Finding just how ruthless "The Company" was is a chilling discovery. The history of India is something I now want to dive into and learn more about.
I love beer. IPA include. I appreciated it even more now. And have a great appreciation for Pete Brown's willingness to suffer for us.
The story behind so many herbs and spices that at various times, drove men to extreme measure. Intriguing and beguiling at every turn. In this book you get something worth toasting.
Realizing the power many countries derived from the control of many herbs. The Dutch in particular, proved to be quite unscrupulous in their drive to control the trade.
I enjoyed Coleen Marlo's performance. She's eloquent and energetic in her delivery.
This book had lots of surprises and "now way!" moments for me. You see the best and worst in people and the lengths at which they'll go to for the power and wealth that come from botanical gems like nutmeg and vanilla. Things we take for granted today.
I loved this book. Its packed with all kinds of interesting and surprising facts what could be a rather mundane subject. Amy Stewart puts a lemon twist on this top-shelf cocktail of a book.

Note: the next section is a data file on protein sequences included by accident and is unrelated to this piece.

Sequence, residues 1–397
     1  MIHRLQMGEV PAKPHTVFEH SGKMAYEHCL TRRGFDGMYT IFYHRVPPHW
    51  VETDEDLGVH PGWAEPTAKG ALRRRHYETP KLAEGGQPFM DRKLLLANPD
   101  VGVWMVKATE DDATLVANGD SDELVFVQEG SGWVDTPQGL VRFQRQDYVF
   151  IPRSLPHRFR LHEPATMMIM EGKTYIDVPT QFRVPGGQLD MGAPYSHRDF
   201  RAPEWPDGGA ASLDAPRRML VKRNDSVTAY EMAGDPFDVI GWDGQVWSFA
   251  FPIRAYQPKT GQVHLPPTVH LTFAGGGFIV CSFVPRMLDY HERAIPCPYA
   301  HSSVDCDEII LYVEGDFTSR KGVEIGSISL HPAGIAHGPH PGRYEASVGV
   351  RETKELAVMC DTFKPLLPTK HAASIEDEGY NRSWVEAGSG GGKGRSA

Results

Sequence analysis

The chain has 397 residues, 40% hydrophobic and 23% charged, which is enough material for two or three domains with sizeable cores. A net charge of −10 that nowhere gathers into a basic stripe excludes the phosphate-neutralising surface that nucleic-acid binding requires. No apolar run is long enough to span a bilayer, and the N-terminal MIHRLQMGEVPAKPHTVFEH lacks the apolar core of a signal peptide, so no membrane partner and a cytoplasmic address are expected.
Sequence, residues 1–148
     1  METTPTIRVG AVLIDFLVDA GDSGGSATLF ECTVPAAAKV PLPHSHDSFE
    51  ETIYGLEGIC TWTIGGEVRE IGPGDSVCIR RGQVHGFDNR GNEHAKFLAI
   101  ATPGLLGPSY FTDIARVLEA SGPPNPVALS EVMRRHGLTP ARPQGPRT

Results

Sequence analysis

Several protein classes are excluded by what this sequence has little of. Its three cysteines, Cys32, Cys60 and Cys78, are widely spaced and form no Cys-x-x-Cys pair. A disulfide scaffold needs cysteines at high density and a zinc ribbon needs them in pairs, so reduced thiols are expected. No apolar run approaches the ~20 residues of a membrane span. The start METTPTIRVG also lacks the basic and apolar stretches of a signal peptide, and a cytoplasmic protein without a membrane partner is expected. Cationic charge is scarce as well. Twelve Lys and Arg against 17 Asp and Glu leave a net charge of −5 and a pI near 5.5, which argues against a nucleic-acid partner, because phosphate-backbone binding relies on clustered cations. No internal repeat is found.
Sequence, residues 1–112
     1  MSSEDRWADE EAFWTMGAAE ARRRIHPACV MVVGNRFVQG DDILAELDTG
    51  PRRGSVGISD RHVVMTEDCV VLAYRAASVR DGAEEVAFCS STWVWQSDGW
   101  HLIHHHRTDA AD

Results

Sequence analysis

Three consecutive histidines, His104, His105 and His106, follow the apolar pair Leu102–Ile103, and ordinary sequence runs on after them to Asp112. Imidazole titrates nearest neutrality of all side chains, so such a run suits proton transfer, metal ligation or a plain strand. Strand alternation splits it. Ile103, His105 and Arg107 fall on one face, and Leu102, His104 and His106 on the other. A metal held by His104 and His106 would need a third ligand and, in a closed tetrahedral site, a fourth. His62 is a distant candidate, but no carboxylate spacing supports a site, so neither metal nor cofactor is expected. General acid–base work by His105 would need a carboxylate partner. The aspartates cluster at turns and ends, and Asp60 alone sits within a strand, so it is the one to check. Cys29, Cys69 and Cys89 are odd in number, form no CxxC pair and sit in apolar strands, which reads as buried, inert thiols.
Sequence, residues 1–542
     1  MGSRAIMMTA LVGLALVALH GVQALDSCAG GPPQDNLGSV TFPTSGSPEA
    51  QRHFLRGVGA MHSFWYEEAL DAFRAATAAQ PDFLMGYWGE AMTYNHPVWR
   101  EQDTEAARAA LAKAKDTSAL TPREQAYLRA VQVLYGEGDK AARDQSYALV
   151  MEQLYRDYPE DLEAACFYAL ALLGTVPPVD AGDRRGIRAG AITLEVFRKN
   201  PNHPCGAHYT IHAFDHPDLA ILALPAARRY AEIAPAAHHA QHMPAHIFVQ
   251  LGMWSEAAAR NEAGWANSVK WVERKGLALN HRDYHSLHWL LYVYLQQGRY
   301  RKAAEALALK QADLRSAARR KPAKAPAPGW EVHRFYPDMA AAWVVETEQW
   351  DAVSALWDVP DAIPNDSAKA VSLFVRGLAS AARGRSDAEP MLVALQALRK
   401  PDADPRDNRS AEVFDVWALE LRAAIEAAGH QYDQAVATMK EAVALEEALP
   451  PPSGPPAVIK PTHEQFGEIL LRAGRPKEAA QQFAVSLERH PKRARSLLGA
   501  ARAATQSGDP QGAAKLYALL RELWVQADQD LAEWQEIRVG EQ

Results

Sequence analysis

I would recommend "Tasting Beer" by Randy Mosher as worth spending the time to read over listening to "Short Course in Beer". Mosher's book is much more thorough yet very approachable.
It is interesting because it is about beer, however, the writing sophomoric at times so not the most compelling treatment of this subject for that reason.
Eloquence. He adds a compelling voice to a well paced reading.
This is not a silver screen able book.
I find beer to be a fascinating subject and hobby and have read many books on the subject. Where I tend return to a stockpile of beer books for reference notes and details on particular points, unfortunately. This isn't one I'll likely return to. i'm glad I gave it a listen but I'm also glad that I've got other books to turn to.
I highly recommend this lecture series. Professor Harl is a fantastic presenter thus making an interesting subject even more so given his depth of knowledgeable and dynamic coverage of Viking History.
I took a risk in choosing a lecture series for the first time on a subject I was only mildly interested in. The risk paid in spades. I honestly expected an arduous churn up a deep information stream and yet found I was shooting the rapids with a fascinating guy: great voice, dynamic spirit, excellent depth, intriguing side bars. I found myself consumed by the lectures and now seeking out more about the lore and history of Vikings.
This the first time I've listened to the work of Professor Kenneth W. Harl and he presents the subject in such a fantastic way, I'm already trying to pick the next lecture from this man.
18 hours worth of material is too much for one sitting (IMO) but I'll be damned if I didn't churn through it within just a few days once I cracked it open. So well presented and logically divided by topic that I found myself absorbed by the work, focused on the subject and listening pretty much non-stop.